Pictures show teen bloodied, bruised after road rage incident with FWPD deputy chief

Photos of the teenager after he was in a fight with then FWPD Deputy Chief Derrick Westfield after a road rage incident in November 2017.

FORT WAYNE, Ind. (WANE) – It doesn’t go far enough.

That’s John Gonzales’ reaction to the Fort Wayne Police Department’s demotion of Derrick Westfield from a deputy chief to a captain after the department’s investigation into an apparent road rage fight Westfield had with a minor in November 2017.

“I’m really disappointed with the whole thing,” Gonzales, the teenager’s father, said. “He’s still supervising. I don’t think he should be leading. Poor decisions and examples he’s demonstrated as a law enforcement officer and as command, I don’t agree with it, but I wasn’t there to make decisions. I wasn’t given input.” westfield police report

The FWPD sent this letter to John Gonzales about Derrick Westfield’s disciplinary action.

Westfield was demoted effective January 23, 2018. In a letter from the Fort Wayne Police Department to Gonzales, a captain with the Internal Affairs Division said, “Derrick Westfield’s actions were in violation of the Fort Wayne Police Department Rules and Regulations. You may be assured that our department does not condone such conduct and that appropriate disciplinary action has been administered.”

15 Finds Out discovered, using public records, that Westfield made nearly $107,000 in 2017 as a deputy chief and will make closer to $90,000 now as a captain.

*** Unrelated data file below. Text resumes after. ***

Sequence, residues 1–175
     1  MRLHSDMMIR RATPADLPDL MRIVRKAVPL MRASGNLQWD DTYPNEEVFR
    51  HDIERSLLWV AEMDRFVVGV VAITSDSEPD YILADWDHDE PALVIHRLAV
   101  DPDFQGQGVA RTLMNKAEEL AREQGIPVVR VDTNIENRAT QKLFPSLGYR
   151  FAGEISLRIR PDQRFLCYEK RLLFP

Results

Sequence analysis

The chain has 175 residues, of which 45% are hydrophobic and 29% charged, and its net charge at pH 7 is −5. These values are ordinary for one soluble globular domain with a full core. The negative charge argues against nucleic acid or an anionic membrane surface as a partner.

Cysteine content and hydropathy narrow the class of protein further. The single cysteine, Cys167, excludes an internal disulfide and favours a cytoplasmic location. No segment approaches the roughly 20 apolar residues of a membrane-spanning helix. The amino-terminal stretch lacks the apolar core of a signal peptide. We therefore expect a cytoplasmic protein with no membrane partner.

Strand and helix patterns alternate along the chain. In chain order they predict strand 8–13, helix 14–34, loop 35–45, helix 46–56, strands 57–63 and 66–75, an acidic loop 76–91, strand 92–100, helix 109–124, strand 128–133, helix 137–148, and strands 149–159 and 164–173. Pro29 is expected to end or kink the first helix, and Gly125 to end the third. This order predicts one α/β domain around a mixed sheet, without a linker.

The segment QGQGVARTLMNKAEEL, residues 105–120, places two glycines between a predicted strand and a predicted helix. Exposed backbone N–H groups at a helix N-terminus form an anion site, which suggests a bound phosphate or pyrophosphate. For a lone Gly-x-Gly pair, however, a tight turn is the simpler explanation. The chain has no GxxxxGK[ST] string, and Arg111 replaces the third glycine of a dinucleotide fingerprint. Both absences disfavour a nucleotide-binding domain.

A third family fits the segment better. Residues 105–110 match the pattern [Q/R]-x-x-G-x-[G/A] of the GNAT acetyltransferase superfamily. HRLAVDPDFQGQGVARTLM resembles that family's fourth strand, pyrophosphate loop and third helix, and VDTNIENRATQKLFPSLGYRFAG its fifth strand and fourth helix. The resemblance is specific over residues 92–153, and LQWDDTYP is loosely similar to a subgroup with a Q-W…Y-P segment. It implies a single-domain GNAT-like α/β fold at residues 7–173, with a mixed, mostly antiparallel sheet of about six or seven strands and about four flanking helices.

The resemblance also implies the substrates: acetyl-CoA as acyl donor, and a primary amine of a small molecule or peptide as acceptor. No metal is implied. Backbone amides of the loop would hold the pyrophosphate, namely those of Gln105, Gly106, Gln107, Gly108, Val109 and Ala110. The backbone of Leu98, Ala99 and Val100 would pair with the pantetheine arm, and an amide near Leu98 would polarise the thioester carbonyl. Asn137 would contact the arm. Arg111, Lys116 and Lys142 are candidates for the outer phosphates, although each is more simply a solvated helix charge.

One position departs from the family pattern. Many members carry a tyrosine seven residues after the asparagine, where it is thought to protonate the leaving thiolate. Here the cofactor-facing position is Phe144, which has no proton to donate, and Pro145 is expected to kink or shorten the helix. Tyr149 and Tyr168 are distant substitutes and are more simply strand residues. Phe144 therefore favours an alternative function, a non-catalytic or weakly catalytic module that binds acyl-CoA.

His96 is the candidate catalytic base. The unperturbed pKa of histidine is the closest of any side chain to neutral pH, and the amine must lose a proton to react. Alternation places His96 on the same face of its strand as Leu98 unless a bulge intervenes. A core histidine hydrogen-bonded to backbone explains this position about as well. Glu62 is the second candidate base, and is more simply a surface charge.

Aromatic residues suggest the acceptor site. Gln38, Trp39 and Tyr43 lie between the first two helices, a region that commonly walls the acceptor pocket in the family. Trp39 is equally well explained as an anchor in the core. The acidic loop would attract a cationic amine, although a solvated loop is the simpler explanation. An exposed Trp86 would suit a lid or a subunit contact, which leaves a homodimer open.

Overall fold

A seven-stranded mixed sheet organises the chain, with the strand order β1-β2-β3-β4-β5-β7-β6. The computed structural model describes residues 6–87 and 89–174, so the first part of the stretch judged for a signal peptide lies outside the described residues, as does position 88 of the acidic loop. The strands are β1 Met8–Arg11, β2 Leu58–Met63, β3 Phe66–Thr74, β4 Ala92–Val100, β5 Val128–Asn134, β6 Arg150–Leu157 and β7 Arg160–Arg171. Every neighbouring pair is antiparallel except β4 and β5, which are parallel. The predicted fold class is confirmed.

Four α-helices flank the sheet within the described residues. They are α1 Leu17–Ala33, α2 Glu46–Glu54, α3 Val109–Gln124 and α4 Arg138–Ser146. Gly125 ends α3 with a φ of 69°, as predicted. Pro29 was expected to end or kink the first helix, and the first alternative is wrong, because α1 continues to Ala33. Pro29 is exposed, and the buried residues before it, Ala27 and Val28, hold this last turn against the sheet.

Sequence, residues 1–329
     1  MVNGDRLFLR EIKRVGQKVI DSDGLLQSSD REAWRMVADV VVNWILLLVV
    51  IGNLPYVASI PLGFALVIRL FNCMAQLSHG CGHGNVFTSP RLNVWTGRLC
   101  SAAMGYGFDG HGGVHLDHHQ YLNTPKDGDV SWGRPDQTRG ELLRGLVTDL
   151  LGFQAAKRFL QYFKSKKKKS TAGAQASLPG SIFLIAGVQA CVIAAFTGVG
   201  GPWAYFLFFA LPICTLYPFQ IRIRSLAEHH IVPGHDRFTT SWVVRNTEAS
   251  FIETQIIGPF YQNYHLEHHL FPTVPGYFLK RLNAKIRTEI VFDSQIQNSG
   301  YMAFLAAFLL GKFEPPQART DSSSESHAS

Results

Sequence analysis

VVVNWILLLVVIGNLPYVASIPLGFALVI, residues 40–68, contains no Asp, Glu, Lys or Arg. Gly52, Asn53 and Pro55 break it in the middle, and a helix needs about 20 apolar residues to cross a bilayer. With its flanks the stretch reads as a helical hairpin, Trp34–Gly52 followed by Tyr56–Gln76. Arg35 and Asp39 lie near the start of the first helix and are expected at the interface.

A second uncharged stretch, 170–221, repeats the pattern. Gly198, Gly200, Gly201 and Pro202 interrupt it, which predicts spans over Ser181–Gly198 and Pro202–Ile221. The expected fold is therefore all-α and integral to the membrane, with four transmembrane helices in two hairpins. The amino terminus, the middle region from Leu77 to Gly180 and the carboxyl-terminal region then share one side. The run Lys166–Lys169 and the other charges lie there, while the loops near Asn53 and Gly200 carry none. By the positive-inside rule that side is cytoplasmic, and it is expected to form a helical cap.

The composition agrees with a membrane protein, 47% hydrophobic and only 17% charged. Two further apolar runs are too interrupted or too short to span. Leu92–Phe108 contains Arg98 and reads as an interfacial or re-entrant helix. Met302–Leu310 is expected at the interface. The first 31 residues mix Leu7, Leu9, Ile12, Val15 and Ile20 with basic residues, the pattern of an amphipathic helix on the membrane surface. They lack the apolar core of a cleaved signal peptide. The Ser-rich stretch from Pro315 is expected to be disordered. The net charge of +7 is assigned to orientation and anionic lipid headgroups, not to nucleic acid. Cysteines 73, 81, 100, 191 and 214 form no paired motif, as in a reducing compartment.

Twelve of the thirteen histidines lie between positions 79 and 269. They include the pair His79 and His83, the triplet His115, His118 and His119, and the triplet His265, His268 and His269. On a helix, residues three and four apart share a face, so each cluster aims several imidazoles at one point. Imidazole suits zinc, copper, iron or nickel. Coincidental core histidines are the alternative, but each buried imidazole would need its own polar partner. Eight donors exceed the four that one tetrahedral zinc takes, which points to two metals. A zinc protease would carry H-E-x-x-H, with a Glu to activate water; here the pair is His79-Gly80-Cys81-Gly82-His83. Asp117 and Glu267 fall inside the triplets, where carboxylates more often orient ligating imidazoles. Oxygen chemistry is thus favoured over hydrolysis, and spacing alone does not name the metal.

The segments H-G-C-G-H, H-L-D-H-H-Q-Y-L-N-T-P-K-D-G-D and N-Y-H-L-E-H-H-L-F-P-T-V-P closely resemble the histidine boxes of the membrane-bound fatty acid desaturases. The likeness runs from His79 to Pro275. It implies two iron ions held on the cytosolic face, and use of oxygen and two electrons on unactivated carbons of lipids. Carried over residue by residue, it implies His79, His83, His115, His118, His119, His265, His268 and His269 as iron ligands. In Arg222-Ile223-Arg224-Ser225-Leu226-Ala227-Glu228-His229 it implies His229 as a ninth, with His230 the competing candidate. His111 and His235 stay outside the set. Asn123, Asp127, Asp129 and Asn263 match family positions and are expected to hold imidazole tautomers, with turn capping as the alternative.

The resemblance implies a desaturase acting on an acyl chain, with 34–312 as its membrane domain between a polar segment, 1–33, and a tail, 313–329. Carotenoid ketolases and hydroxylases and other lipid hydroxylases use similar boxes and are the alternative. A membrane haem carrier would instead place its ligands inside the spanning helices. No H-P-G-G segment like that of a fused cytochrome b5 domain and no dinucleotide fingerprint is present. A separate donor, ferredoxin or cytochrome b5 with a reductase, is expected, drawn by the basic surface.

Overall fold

It all started as a case of road rage in the Union Chapel and Auburn Road roundabout. According to the initial police report, two teens in a car said Westfield cut them off. They flashed their lights at him and Westfield brake checked them. The teens then passed him and Westfield followed them into the Falcon Creek addition. He stopped in front of their house and when he got out of this car, things escalated into a fight. Westfield was off-duty and in his personal vehicle at the time.


Thursday, 15 Finds Out got to see the pictures taken by responding police officers at the scene in November. The teenager was bleeding from his nose and several places on his head. The police report said Westfield’s cheek area appeared to be “slightly swollen.”

Earlier this month, the prosecutor said she would not file criminal charges because of conflicting witness statements. Then two days ago, the police department announced Westfield will go from a deputy chief to a captain.

“I feel sad for him,” Gonzales said. “As a person with experience in law enforcement, he should have known better and apologized. You’re told you’re a police officer 24 hours a day. There’s a law called ‘The Color of Law’ that says your actions as a police officer are held to a higher standard on duty and off duty.”

Gonzales is also a police officer and has served more than 20 years on two different departments.

“The law enforcement creed or the mission of an agency is that you’re there to protect and serve and protect the weak. I don’t think that happened,” Gonzales said.

15 Finds Out requested an interview with Westfield through the police department and that request was denied. Thursday 15 Finds Out investigator Alyssa Ivanson knocked on Westfield’s door. His finance answered and said he wasn’t available. She declined to be interviewed and then asked Ivanson to leave the property.

FWPD Chief Steve Reed told Ivanson in December he wouldn’t comment on the case until the investigation was complete and he had reviewed it. He left Tuesday for a conference out of town and has been unavailable for an interview.

The Gonzales family said they are still looking into further legal action in civil court.